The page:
Plastic Bags: Banned in China

From Treehugger– If China can do it:

The notice that appeared on the website of China’s State Council yesterday came as a welcome surprise: Starting in June, all shops will be forbidden from offering free plastic bags. Meanwhile, super-thin bags have been banned. Consumers are being asked to “go back to” using cloth bags and baskets. Meanwhile, Tibet’s provincial government announced that it intends to ban all plastic bags period.

By targeting those pesky bags, China joins a growing club that includes Ireland, Uganda, South Africa, Russia, Hong Kong, and San Francisco. With the right enforcement — that’s always the tricky part — and education campaigns, the upshot in China could be huge: China Trade News estimates that the country of 1.3 billion people must refine 5 million tons, or 37 million barrels, of crude oil every year to meet demand for plastic bags, which are used at a rate of 3 billion bags every day.

Three billion. If that estimate is right, that means China uses as many bags in two weeks as the U.S. uses in a year–or that would mean that each Chinese citizen uses twice the amount of bags Americans use every day.

…Australia is also considering a plastic bag ban, for implementation in 2009. But as Planet Ark founder Jon Dee points out, “the fact that China desires to do it in less than six months, I think is a sign that we could do it faster than that.


The “FREE” single-use plastic bag issue is, of course, an ecological and cultural issue in the PRODUCTION segment of turning matter into product into trash. If you checked out The Story of Stuff and were interested, consider downloading the script (pdf) from the author with annotations and comments.

I’m trying to turn Annie Leonard’s piece into a 700 word synopsis for the paper, hoping to find the balance point between enough and too much information.

Also check out the sidebar list of NGOs involved in the five stages of stuff, as well as a great “recommended reading” list, all of which I’ve saved using the Firefox add-on, Scrapbook, for future reference.

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Fred First holds masters degrees in Vertebrate Zoology and physical therapy, and has been a biology teacher and physical therapist by profession. He moved to southwest Virginia in 1975 and to Floyd County in 1997. He maintains a daily photo-blog, broadcasts essays on the Roanoke NPR station, and contributes regular columns for the Floyd Press and Roanoke's Star Sentinel. His two non-fiction books, Slow Road Home and his recent What We Hold in Our Hands, celebrate the riches that we possess in our families and communities, our natural bounty, social capital and Appalachian cultures old and new. He has served on the Jacksonville Center Board of Directors and is newly active in the Sustain Floyd organization. He lives in northeastern Floyd County on the headwaters of the Roanoke River.

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  1. Light flexible bags are in wide use because, well, they are immensely convenient and USEFUL. In their production and disposal are several problems to overcome. They are a petroleum product. They do not decompose in their plastic form. And even if a biodegradable alternative were created (which is being worked on) there is still the problem of shopping bag litter–visually as ugly no matter what they are made of.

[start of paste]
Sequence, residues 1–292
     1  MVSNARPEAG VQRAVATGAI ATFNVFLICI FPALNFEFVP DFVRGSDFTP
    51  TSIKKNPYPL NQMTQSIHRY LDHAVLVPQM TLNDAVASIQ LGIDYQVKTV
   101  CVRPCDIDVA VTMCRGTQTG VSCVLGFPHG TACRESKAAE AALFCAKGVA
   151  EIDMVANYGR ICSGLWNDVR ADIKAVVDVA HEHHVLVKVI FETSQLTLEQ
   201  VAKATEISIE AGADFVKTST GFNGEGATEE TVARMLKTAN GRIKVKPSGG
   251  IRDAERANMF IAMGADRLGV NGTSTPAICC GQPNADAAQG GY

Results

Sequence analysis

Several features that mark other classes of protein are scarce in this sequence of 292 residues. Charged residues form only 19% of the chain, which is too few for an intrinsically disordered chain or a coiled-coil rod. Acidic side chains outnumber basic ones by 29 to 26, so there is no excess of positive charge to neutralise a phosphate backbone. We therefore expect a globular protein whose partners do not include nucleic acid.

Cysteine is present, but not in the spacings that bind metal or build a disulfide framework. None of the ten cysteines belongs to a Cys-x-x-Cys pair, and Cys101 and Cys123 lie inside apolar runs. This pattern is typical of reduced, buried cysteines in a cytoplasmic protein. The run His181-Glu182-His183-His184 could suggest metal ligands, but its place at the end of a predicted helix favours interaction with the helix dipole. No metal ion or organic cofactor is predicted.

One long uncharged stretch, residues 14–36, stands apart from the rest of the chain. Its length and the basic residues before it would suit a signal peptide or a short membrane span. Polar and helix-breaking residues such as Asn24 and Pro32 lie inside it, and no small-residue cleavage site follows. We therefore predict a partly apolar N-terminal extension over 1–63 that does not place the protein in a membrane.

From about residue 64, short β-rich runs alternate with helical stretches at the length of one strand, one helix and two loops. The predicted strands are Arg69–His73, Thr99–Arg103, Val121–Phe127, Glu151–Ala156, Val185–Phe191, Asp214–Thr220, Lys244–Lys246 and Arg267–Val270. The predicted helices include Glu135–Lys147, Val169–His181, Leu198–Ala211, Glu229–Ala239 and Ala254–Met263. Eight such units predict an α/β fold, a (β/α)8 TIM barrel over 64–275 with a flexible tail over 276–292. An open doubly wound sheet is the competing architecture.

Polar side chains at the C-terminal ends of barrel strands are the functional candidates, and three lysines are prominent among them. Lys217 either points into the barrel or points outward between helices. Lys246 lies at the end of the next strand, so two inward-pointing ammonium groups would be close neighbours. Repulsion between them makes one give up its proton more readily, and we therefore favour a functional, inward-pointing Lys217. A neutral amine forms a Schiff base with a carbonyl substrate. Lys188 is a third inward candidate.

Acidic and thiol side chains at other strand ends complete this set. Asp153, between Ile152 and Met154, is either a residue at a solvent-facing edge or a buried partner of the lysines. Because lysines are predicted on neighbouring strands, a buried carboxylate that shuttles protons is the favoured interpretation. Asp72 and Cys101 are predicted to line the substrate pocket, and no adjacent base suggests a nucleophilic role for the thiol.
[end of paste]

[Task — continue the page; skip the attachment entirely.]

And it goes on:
We reuse every bag at least once, typically to line the kitchen trashcan. If shopping bags are banned, will we 1) buy plastic bags specifically for this purpose, or 2) dump our kitchen waste directly into the green box (dumpster) from an unlined kitchen container that will have to be washed out after every emptying?

  2. When I lived in Tomball Texas the town provided heavy duty paper bags for trash. The were great. Here in Virginia, I used to line my garbage with paper but have fallen into the convenience trap of using plastic. I take all my clean plastic bags to the Harvest Moon for reuse. I would like to see, if not a ban, some kind of planned reduction of plastic. Plastic zoning! I’ve recently been reading about phalates (a plastic softener and solvent) from body lotion etc are now in our bodies messing with our hormons and causing damage to organs. It’s in plastic toys that kids bite and chew as well.

  3. Good for China! I don’t say that often. Getting rid of plastic grocery and shopping bags would be a huge boon to the ecology. I already try to use cloth tote bags whenever possible, as when I go to Harvest Moon. And yeah, those pthalates are really bad. As part of the estrogen-mimicing compounds found in plastics and lotions, they are producing gender-bending effects in fishes in our rivers, and in the oceans near sewage outlets. They are lowering the sperm counts drastically in males in industrialized nations and possibly implicated in the rise in breast cancer.

  4. “the story of stuff” is a very well done pice. I have e-mailed it to more than one friend including a friend that works at a school.

    I have for the most part stoped using plastic myself, I found “green” bags at a drug store for $1 each and bought 5, I also bought a few little bags that fold up to the size of a small cup of coffee (6oz) they have a clip that allows me to clip it on to my purse. I live on the coast and thoes bags pop up every where.

  5. This is inspiring — to echo Bruce, Good for China!
    I don’t know how many times I go to the grocery store and say “I don’t need a bag,” only to have the cashier literally INSIST that I take one. An actual conversation:
    “I don’t need a bag.”
    “Oh, that’s okay. I don’t mind.”
    “Really, I don’t need one — I’m just going to my car.”
    “Well, I’ll give you one anyway. It’s no trouble at all, honey!”
    “I don’t want a bag.”
    “It’ll be easier to carry. Credit or debit?”